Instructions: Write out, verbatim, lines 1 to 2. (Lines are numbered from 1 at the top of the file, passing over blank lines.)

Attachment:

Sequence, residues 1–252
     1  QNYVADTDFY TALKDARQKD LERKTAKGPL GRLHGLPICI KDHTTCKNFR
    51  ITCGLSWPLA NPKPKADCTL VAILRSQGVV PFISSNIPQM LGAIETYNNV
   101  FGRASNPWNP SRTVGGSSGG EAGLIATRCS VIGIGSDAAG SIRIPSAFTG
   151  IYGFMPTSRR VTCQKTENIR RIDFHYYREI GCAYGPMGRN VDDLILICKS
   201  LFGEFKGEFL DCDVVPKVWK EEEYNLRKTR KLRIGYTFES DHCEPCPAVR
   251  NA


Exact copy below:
Sequence, residues 1–252
     1  QNYVADTDFY TALKDARQKD LERKTAKGPL GRLHGLPICI KDHTTCKNFR